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Higher Speeds and Plating for Lorries May Come Soon

23rd September 1960
Page 97
Page 97, 23rd September 1960 — Higher Speeds and Plating for Lorries May Come Soon
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Which of the following most accurately describes the problem?


DLATING and goods vehicle speed A limits—two contentious subjects— arose on the eve of the 1960 Commercial Motor Show. Both subjects were raised by leaders of the Society of Motor Manufacturers and Traders; both received noncommittal answers by the Ministry ofTransport.

Sir William Black, chairman of A.E.C., Ltd., broke the news that discussions with the Ministry on a question of commercial vehicle speed limits were at " a delicate stage." It must be presumed that he was referring to a higher limit for light goods vehicles, rather than for public service vehicles.

Negotiations for faster small goods vehicles have so far come to grief on S.M.M.T. rocks because the manufacturers are strongly opposed to any return to the old system of different speed limits according to unladen weights. The old 20 m.p.h. limit for vehicles over 3 tons unladen weight was scrapped in 1957. Such differentials raise substantial production problems for the makers and inevitably result in " building-down " to the weight limit whenever possible.

It would seem now, then, that the manufacturers are either in process of negotiating—or have already agreed—a suitable compromise. However, it would be unwise yet to assurhe that higher speed limits are just around the corner. The unions would be sure, anyway, to want more money.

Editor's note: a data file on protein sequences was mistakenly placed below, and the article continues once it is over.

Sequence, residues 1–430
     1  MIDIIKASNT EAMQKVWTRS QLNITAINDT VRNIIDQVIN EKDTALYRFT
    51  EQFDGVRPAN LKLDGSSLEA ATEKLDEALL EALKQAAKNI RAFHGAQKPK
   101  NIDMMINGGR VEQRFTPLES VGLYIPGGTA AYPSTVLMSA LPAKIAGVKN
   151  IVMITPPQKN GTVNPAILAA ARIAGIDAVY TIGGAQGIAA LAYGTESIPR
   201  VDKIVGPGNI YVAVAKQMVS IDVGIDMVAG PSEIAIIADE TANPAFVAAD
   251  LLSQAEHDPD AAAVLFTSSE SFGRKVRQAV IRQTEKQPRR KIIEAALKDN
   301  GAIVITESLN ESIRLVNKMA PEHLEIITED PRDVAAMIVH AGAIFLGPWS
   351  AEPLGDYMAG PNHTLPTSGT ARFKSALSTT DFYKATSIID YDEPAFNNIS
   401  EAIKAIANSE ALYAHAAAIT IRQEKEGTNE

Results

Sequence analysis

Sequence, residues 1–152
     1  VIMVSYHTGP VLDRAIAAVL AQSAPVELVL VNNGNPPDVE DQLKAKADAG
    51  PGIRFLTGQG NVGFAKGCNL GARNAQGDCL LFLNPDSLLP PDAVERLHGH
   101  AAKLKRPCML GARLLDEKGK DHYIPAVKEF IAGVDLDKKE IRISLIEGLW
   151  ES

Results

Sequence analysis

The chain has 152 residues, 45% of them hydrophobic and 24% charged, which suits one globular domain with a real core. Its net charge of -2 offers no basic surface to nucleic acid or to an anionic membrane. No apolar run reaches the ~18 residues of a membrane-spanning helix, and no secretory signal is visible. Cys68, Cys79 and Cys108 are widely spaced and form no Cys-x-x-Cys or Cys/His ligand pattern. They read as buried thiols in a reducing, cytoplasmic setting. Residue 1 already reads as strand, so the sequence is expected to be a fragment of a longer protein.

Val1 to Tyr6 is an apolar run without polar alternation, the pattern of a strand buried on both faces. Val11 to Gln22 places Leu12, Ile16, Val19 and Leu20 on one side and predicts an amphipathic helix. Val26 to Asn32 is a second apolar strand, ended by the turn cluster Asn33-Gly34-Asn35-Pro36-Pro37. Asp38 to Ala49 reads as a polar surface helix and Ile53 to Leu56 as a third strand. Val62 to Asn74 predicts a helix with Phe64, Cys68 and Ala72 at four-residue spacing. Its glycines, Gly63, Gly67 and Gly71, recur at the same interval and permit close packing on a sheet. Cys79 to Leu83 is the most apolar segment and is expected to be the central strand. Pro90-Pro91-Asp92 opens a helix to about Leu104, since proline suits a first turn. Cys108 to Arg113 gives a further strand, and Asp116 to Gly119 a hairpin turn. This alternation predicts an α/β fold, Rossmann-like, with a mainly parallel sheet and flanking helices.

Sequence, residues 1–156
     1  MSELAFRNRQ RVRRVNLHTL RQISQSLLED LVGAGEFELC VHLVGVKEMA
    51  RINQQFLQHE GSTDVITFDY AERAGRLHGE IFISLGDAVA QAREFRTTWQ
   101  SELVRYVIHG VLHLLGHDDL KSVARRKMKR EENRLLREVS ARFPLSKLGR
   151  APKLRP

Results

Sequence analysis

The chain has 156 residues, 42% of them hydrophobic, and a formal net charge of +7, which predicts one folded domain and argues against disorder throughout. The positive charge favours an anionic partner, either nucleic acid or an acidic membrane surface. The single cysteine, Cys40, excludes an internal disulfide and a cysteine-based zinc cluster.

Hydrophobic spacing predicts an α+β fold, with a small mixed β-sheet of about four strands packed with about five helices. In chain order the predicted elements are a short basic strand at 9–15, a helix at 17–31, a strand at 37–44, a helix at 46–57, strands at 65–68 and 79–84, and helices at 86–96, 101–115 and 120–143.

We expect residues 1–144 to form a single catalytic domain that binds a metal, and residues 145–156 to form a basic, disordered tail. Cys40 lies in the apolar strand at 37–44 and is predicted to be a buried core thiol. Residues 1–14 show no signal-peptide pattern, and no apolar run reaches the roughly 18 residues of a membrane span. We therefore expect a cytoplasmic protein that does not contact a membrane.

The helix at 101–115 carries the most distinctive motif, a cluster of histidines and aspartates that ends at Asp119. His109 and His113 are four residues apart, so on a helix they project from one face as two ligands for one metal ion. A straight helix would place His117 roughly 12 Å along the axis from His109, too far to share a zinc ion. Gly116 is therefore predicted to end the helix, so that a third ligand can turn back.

There is also the question of the p.s,v. operators, whose own higher speed limit negotiations broke down when the Minister said he would not go ahead with his proposals to allow 40 m.p.h. outside built-up areas because of disagreement among the operators.

Plating—the placing on goods vehicles of a plate showing the maximum gross weight—is a subject as old, almost, as licensing. So far it has foundered on the jagged rocks surrounding the question of who decides what the legal payload of existing vehicles should be. After all, alterations such as third-axle conversions can substantially—and with absolute safety—increase the carrying capacity of a vehicle that the manufacturer would rate much lower. And if not from the makers, where would the Ministry get the maximum weights? Responsibility would probably devolve on Ministry vehicle examiners.

I can reveal that draft regulations are somewhere in the Ministry—and have been for some mcmths. Domestic changes have held them up so far, but they should soon appear. It may turn out that they relate to new vehicles only.

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